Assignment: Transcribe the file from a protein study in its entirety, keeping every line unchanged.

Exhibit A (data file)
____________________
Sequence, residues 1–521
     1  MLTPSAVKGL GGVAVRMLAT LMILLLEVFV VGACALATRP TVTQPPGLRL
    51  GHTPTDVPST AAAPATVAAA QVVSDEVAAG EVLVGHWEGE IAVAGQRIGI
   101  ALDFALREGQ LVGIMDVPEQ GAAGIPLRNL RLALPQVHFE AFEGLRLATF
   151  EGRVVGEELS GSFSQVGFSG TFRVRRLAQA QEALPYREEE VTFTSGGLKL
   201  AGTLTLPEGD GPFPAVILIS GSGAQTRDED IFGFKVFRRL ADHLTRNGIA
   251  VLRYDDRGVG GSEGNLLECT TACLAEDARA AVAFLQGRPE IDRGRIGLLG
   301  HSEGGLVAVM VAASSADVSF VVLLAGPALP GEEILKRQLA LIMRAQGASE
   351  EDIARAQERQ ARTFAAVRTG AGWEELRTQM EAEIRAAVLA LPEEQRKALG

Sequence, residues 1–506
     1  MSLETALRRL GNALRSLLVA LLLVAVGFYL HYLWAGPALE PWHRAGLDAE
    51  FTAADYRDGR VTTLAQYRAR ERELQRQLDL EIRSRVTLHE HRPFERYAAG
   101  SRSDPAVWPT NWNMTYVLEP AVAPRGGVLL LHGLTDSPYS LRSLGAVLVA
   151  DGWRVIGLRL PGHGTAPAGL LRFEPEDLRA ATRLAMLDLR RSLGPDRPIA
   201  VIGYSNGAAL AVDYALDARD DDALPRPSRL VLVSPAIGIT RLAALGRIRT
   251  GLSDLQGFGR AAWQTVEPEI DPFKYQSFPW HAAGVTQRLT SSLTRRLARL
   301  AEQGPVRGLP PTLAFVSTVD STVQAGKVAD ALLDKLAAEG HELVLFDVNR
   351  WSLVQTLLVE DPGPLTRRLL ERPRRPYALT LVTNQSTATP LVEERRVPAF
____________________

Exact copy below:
Sequence, residues 1–521
     1  MLTPSAVKGL GGVAVRMLAT LMILLLEVFV VGACALATRP TVTQPPGLRL
    51  GHTPTDVPST AAAPATVAAA QVVSDEVAAG EVLVGHWEGE IAVAGQRIGI
   101  ALDFALREGQ LVGIMDVPEQ GAAGIPLRNL RLALPQVHFE AFEGLRLATF
   151  EGRVVGEELS GSFSQVGFSG TFRVRRLAQA QEALPYREEE VTFTSGGLKL
   201  AGTLTLPEGD GPFPAVILIS GSGAQTRDED IFGFKVFRRL ADHLTRNGIA
   251  VLRYDDRGVG GSEGNLLECT TACLAEDARA AVAFLQGRPE IDRGRIGLLG
   301  HSEGGLVAVM VAASSADVSF VVLLAGPALP GEEILKRQLA LIMRAQGASE
   351  EDIARAQERQ ARTFAAVRTG AGWEELRTQM EAEIRAAVLA LPEEQRKALG

Sequence, residues 1–506
     1  MSLETALRRL GNALRSLLVA LLLVAVGFYL HYLWAGPALE PWHRAGLDAE
    51  FTAADYRDGR VTTLAQYRAR ERELQRQLDL EIRSRVTLHE HRPFERYAAG
   101  SRSDPAVWPT NWNMTYVLEP AVAPRGGVLL LHGLTDSPYS LRSLGAVLVA
   151  DGWRVIGLRL PGHGTAPAGL LRFEPEDLRA ATRLAMLDLR RSLGPDRPIA
   201  VIGYSNGAAL AVDYALDARD DDALPRPSRL VLVSPAIGIT RLAALGRIRT
   251  GLSDLQGFGR AAWQTVEPEI DPFKYQSFPW HAAGVTQRLT SSLTRRLARL
   301  AEQGPVRGLP PTLAFVSTVD STVQAGKVAD ALLDKLAAEG HELVLFDVNR
   351  WSLVQTLLVE DPGPLTRRLL ERPRRPYALT LVTNQSTATP LVEERRVPAF